The Food Stamp Program (FSP) is the principal food assistance program in the United States. It is designed to provide a nutritional safety net via benefits paid to households or individuals with low socioeconomic status (SES). Recent studies suggest that FSP participation affects individuals’ dietary intake and increases the risk of obesity. In addition, lower prices for unhealthy food are positively related to a higher prevalence of obesity. However, little is known about the interaction between food prices and FSP participation and how both of these factors jointly affect the body weight status of low-income individuals. While the obesity epidemic affects all U.S. racial/ethnic groups and social classes, populations with low socioeconomic status bear a disproportionate burden. Identification of the economic mechanisms that promote weight gain among low-income Americans will enable policymakers to design and implement effective policy instruments, which will help address the obesity epidemic in the United States.
Two national datasets, the National Longitudinal Survey of Youth 1979 (NLSY79) cohort data and the American Chamber of Commerce Researchers’ Association (ACCRA) price data, were merged using geographic identifiers to provide complete information on long-term FSP participation, body weight status, and local food prices. NLSY79 was a survey of 12,686 males and females ages 14-22 in 1979. Follow-up surveys were conducted each year between 1979 until 1994, and then biennially from 1994 to 2002. These data provided complete information on personal financial information, including income, assets, poverty status, and public assistance support sources. Self-reported height and weight were available in each wave of the surveys. The NLSY79 data also included geographic identifiers, such as respondents’ State, county, and metropolitan area of residence in each survey year. The Metropolitan Statistical Area (MSA), county, and State codes were used as linking variables to the ACCRA data. ACCRA data collected quarterly prices of consumer goods in approximately 225 metropolitan and rural areas in the United States. The data included the prices of 21 foods, typically consumed at home, and three foods typically consumed away from home.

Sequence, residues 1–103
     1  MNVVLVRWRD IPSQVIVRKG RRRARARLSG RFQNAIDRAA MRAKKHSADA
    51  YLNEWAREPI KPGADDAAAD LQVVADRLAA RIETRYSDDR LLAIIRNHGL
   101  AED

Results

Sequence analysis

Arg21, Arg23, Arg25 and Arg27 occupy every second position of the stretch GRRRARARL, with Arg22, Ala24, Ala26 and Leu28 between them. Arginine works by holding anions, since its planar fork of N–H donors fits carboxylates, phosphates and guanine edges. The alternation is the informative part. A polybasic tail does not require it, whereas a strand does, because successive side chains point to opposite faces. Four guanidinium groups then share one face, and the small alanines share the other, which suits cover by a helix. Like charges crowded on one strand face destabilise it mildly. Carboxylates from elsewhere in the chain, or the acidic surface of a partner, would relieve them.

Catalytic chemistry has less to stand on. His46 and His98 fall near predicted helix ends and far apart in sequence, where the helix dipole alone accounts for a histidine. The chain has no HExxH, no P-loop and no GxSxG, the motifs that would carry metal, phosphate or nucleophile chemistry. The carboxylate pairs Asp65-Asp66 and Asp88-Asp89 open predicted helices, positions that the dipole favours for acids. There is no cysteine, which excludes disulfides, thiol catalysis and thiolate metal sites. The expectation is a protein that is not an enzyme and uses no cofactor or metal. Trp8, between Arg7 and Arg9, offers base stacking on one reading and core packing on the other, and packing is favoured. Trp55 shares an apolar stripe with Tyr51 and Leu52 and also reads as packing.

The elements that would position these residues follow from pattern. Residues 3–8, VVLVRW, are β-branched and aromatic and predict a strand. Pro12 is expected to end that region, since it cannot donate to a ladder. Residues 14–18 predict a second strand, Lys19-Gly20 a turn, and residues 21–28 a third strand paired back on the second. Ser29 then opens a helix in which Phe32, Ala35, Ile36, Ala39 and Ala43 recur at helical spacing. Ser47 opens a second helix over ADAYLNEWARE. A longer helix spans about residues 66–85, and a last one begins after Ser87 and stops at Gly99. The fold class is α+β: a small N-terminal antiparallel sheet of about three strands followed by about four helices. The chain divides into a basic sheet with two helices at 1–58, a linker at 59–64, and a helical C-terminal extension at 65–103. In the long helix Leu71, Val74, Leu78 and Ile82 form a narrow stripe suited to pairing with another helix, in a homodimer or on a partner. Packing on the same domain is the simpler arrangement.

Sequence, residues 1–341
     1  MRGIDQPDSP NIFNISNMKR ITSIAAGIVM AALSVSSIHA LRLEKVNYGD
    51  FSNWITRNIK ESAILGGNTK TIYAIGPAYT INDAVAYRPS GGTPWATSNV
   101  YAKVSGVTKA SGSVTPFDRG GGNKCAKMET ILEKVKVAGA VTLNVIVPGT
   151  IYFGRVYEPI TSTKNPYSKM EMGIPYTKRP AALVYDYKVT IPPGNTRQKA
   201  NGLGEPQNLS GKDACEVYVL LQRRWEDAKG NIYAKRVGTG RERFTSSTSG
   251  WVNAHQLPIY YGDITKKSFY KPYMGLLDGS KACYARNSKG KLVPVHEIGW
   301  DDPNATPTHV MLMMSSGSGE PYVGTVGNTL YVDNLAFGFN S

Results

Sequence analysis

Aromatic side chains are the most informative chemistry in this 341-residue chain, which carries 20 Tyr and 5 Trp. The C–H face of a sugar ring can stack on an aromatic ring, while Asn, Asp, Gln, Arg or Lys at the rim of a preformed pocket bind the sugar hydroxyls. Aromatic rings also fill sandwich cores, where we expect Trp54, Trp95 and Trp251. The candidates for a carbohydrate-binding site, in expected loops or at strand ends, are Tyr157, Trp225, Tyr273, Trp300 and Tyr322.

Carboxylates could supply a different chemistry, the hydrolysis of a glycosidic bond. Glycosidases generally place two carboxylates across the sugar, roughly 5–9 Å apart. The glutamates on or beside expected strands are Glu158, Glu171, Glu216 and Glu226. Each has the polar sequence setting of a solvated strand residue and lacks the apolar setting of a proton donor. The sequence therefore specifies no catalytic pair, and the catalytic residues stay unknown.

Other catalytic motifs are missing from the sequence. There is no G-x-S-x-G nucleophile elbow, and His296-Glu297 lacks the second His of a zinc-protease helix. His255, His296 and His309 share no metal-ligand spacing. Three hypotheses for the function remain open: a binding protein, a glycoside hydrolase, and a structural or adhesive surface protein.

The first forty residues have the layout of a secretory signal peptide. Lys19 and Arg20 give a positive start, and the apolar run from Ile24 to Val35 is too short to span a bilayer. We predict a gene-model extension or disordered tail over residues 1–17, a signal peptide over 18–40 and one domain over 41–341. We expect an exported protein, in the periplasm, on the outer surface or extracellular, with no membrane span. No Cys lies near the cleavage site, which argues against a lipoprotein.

Body mass index (BMI) and obesity (BMI greater than or equal to 30) were the outcome variables in the study. The respondent was defined as an FSP participant if any FSP benefits were received in the previous year. The eligibility of FSP participants was determined as having an annual family income of less than 130 percent of the poverty threshold for a given household size. Weighted food price indexes were calculated by using the expenditure weight provided in the ACCRA data based on the Consumer Expenditure Survey (CES). Due to the strong colinearity between healthy and unhealthy food price indexes, only unhealthy food price indexes were used in the analyses. The respondent’s age, gender, race/ethnicity, marital status, family sizes, household income, highest degree completed, urban/rural residence, and regions were all controlled. “South” was defined as the following 13 States: Alabama, Arkansas, Florida, Georgia, Kentucky, Louisiana, Mississippi, North Carolina, Oklahoma, South Carolina, Tennessee, Texas, and Virginia.
The interactive term between FSP participation and unhealthy food prices was added in the regression models. The logistic regression model was used with obesity as the outcome variable. The fixed effects model took advantage of the longitudinal dataset and examined the long-term causation effect of unhealthy food prices and FSP participation on body weight status.
No significant FSP effect on BMI or obesity was observed among men. Among women, FSP participation contributed to a higher BMI (?=0.26, p=0.02). The unhealthy food prices had a negative effect on BMI (?=-0.27, p=0.001). The interaction term between unhealthy food prices and FSP participation had a negative effect on BMI (?=-0.26, p=0.01). The results indicated that higher unhealthy food prices could partially offset the positive effect of FSP participation on BMI. When the outcome was obesity, FSP participation was associated with a greater chance of being obese (odds ratio=1.37, p=0.09), whereas the unhealthy food prices were strongly related to a decreased chance of being obese (odds ratio=0.60, p=0.001). However, the interaction term was no longer significant (odds ratio=1.04, p=0.86). Therefore, the impact of higher unhealthy food prices was not significant enough to change the likelihood of being obese among FSP participants. In addition, the interaction between FSP and South was tested in the models and was not significant. Therefore, there was no significant disparity of FSP effects across regions.
The analyses of NLSY79 panel data and ACCRA price data indicated that the FSP effect on body weight status was not isolated, but was affected by other economic factors, such as food prices. The study found an additional economic mechanism that contributed to body weight gain among low-income populations. The FSP effects on BMI may have been more severe in regions with lower prices for unhealthy food, which helps explain the dramatic geographic variation in the prevalence of obesity in the United States. This study also suggested potential benefits of taxing unhealthy food. Compared with middle- or high-income groups, low-income populations were more sensitive to unhealthy food taxes. The tax may partially offset the positive impact of FSP participation on BMI. Besides the education of FSP participants, the tax may be another policy instrument that reduces the body weight disparity between FSP participants and nonparticipants.
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